Updated from 11:23 a.m. EDT
Despite the heavy news coverage of rumored results and fretting among analysts and the public, the government stress test results expected to be unveiled Thursday are not likely to tell investors anything they didn't already know.
Richard Kovacevich made headlines in March by calling the tests "asinine," noting that banks routinely stress test all of their portfolios, and share the results with regulators. Furthermore, analysts perform similar tests independently, and use them as the basis of reports on a weekly if not daily basis, advising investors on whether to buy, sell or hold bank stocks.
Once the government released its stress test metrics -- the GDP declines, unemployment rates and implied loan losses that are expected under a variety of economic "scenarios" -- the tests became even less of a mystery, and investors seemed even less concerned about the results. As the rumor mill churned out word on Monday that 10 out of 19 major banks undergoing stress tests would need
additional capital, the market continued its charge upward, sending the
into positive territory for the year.
"They've been leaking information all week, so as long as they don't surprise the market, I think we're out of the woods for the near term," says Brenda Wenning, president of Wenning Investments. "I don't think anyone's surprised that banks need more capital."
The question seems not to be whether, but rather how much capital banks will need. Unconfirmed reports citing anonymous sources have pegged the government's estimate of shortfalls at both
Bank of America
in anywhere between $10 billion and $34 billion. A
New York Times
report on Wednesday put
at $34 billion, but that amount could be satisfied by converting the government's preferred equity stake into common shares. Other unconfirmed reports said Wells Fargo will be pushed to raise more capital as well, though specific figures were not disclosed.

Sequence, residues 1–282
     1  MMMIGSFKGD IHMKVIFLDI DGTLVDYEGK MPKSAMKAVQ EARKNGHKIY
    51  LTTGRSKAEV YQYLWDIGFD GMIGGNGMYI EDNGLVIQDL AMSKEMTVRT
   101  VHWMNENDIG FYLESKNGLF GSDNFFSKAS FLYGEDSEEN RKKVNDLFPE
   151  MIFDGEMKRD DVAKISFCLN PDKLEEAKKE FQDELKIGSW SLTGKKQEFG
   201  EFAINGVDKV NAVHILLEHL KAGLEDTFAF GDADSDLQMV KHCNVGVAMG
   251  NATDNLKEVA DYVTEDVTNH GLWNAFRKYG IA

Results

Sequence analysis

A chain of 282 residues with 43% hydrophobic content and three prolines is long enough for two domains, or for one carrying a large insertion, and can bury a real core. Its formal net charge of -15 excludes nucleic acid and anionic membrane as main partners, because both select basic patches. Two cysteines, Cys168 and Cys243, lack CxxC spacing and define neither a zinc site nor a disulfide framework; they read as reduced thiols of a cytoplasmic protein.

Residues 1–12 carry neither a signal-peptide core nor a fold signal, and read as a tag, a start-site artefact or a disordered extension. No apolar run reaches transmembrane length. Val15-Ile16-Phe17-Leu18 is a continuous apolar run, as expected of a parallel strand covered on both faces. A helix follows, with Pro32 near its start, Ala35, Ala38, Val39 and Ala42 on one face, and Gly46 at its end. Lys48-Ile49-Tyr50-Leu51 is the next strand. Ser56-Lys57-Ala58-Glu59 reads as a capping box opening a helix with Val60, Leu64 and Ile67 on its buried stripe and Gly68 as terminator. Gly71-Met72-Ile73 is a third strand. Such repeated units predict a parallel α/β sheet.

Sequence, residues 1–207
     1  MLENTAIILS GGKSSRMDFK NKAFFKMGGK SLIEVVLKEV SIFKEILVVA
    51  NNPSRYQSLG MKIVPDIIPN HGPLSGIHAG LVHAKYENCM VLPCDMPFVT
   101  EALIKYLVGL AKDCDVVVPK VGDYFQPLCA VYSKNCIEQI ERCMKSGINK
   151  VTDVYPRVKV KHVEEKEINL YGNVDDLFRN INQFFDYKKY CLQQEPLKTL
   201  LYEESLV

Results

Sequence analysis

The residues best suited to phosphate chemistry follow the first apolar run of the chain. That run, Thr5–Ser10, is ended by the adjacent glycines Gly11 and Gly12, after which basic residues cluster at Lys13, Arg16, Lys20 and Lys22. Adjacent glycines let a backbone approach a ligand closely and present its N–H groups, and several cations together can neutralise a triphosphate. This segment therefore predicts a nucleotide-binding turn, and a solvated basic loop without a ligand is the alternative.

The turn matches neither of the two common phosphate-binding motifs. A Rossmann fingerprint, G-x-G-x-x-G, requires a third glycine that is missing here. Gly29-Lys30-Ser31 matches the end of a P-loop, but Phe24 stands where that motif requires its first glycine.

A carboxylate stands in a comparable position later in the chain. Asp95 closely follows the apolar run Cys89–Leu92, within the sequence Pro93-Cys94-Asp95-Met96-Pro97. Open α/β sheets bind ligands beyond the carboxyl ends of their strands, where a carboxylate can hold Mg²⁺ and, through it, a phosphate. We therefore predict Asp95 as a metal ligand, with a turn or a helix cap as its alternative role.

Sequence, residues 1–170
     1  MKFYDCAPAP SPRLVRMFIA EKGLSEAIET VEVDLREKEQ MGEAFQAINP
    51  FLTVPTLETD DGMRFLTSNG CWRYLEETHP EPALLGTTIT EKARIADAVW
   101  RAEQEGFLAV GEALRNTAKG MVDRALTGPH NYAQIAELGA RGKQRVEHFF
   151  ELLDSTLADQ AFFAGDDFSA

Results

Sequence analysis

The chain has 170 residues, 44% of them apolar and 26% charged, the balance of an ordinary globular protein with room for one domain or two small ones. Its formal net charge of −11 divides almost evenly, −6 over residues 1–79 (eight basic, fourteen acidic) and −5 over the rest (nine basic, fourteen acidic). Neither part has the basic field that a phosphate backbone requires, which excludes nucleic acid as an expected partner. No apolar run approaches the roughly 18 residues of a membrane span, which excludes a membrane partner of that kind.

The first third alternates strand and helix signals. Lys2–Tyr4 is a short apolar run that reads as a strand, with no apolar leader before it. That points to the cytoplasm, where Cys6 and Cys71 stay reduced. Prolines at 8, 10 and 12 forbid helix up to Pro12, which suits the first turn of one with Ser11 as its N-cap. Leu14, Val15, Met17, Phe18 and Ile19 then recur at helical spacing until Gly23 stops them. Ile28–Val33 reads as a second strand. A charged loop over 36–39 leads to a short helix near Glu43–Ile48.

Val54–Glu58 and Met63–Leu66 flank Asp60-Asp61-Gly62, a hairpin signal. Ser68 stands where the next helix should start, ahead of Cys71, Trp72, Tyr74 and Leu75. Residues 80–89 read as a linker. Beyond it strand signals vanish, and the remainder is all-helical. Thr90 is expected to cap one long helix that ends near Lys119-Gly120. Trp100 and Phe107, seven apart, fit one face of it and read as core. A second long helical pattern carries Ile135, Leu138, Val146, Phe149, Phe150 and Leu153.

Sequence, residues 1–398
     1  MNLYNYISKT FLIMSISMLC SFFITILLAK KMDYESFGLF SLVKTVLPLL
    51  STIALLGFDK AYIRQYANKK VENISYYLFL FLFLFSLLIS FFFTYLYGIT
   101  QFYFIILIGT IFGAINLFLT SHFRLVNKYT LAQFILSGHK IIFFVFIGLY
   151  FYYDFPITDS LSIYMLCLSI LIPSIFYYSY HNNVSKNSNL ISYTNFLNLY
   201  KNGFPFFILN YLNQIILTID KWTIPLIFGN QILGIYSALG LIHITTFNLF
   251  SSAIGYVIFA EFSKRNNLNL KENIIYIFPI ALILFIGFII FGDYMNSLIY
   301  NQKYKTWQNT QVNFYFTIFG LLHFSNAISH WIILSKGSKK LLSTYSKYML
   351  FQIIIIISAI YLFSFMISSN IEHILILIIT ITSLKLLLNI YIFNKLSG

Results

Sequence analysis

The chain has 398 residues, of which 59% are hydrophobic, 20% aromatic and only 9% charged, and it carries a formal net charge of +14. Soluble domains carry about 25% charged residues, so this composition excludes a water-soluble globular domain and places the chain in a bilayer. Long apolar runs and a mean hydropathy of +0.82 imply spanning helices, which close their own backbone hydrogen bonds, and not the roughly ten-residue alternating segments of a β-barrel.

On the flip side,
Bank of New York Mellon
do not need more capital,
The Associated Press
But of course no one, including federal regulators, really knows how much the banks will need, because no one knows how severe the recession will become. In fact, so-called "green shoots" emerging from the housing market, combined with positive statements from the
, and better-than-expected economic data and earnings, have led some to speculate that the economy has hit a bottom, though employment continues to lag.
Even if the economy is poised for a rebound, it's unclear which banks are strong enough to earn their way through the remainder of the recession, and which banks have been competitively weakened, with bad loans hanging on balance sheets like bricks.
"Stress tests involve guesses about the future, and they can be wrong in either direction, just as risk-based capital models and bank examinations can be wrong," says William Isaac, former chairman of the
Federal Deposit Insurance Corp.
. "If models were always right, we wouldn't be in the mess we are in today."
Isaac, who is now chairman of global financial services for the consulting firm LECG, is sharply critical of the government's handling of the tests. Though he supports the testing, he thinking they could have been done quietly, without the leaks and eventual public disclosure -- which he calls a "stunning mistake."
"If the government refused to disclose the results, people would assume the worst," notes Isaac. "If the government announced that everyone 'passed' the test, many would assume a cover-up. If officials announced that some banks 'failed' the test, there would be a clamor for names, the release of which could prove disastrous."
Others have said that the stress tests may actually hinder economic progress, by preventing banks from using capital to make new loans. Rochdale Securities bank analyst Richard Bove, who has bullish outlook on the industry he covers aside from the impact of the stress tests, has said the tests "can create financial and economic havoc."